The Landlord would win because if you want something in your contract in China, you had better put it in there.
Why is this chair story even relevant? It’s relevant because American companies time and time again fail to put enough into their contracts with Chinese companies. Instead, they just assume the courts or arbitrators will know what the parties intended and re-write their contracts accordingly. But it doesn’t work that way in China.
We had a company come to us after having received a large shipment of laptop bags that weren’t strong enough to hold a laptop. We called the Chinese company to ask about getting a refund and they told us that if our client had wanted a bag strong enough to hold a laptop, it should have paid 50 cents more per bag for one that could actually do that. This company should have specified in its contract that it wanted a bag that could hold x number of kilograms.
But if I had to pick one arena where American companies most often mistakenly assume China’s laws are like the U.S’s, it would be in employment. There’s an old expression in the United States that employers can fire non-union employees for good reason, bad reason, or no reason at all. It’s the opposite in China where there should be the expression that you can’t fire or lay off your employees for just about any reason not expressly set forth in your employee manual.
American companies also get tripped up in China when they assume they have no requirement to pay managers overtime or that they can use independent contractors. Almost all employees in China (be they Chinese or foreign) are entitled to overtime pay and If someone in China (again, be they Chinese or foreign) is doing work for you and they are not your maid or just coming to your house for a day or two to fix your plumbing, they are your employee and don’t forget how hard it is going to be for you to fire them.
On the flip side, American companies sometimes make the mistake of assuming everything about China’s legal system is different from ours and I will talk about this by way of an example.
A U.S. company forms its Wholly Foreign Owned Enterprise (a WFOE) in China and builds a really nice factory there. Then, with a couple weeks to go before its factory is set to begin operations, it learns that China is not going to let them import the key chemical needed for their product. This company had spent nearly a year and nearly a million dollars getting the United States environmental protection agency to approve this particular chemical in its product and they just assumed that because this chemical had been deemed safe in the United States, it could use it in China without having to prove a thing to anyone there. It had never even occurred to this company that China has its own environmental regulations and its own Environmental Protection Agency and that China would require this chemical to go through China testing and would not just accept U.S. EPA testing standing alone. Does anyone think this US company would have thought it could import a chemical into the United States simply because the chemical was on an approved list in China?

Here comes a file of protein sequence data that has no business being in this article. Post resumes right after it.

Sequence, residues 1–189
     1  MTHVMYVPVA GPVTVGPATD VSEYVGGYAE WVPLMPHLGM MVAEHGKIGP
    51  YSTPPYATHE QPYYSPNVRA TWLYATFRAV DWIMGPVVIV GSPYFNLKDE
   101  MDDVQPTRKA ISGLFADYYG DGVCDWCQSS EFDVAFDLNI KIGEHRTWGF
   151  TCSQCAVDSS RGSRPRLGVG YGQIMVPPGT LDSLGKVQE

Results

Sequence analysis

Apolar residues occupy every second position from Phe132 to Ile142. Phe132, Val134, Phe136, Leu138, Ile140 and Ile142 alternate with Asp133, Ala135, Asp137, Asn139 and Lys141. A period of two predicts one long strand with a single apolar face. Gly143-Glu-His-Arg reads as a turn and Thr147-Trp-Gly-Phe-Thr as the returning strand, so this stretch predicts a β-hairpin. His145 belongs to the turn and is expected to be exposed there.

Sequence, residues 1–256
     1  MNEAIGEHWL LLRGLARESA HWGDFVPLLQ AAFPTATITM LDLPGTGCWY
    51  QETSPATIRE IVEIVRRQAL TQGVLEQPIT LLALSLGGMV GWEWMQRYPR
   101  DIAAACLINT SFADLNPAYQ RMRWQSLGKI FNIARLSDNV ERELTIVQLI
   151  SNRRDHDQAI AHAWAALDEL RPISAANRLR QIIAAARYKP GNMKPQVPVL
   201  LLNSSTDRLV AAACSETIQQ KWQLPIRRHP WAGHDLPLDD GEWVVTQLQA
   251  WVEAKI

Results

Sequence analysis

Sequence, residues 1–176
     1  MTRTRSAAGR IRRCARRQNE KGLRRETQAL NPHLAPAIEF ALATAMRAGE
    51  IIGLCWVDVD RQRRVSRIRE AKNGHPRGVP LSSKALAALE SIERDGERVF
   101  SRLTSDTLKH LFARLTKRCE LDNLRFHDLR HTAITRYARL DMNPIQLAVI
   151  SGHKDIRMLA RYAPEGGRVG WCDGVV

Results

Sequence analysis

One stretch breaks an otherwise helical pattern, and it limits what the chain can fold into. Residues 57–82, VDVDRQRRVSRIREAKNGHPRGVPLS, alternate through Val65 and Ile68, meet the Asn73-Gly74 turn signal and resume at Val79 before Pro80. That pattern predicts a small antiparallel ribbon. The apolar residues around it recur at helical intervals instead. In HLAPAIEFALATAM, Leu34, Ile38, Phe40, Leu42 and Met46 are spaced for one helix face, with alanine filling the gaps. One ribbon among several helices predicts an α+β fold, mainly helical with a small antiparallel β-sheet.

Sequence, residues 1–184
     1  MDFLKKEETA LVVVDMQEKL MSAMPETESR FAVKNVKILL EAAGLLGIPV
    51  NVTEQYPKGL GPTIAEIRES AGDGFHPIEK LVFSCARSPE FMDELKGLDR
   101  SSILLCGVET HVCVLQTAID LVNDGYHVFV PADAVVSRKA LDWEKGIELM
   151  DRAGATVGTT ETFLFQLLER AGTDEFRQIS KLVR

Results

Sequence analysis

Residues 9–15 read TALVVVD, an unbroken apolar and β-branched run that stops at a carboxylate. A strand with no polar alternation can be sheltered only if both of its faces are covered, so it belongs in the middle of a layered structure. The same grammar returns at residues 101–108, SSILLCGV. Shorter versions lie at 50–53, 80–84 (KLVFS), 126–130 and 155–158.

But the biggest mistake American companies make in assuming Chinese law is different from the law here in the United States is when they assume that China will not enforce its laws against them because they are bringing a couple thousand jobs to China or because China is not enforcing those same laws against Chinese domestic companies. Both of these assumptions are wrong. For foreign companies, China is pretty much just like the United States in that NOT following the law is a very dangerous way to operate a business.
What about the legal issues Chinese companies face when coming to the United States? Just take everything I have said about American companies in China and double it.
Chinese companies tend to have even less experience than American companies when it comes to dealing with foreign laws and Chinese companies tend to be too inexperienced with operating internationally to realize that they cannot handle their legal issues in the United States the same way they handle those issues in China.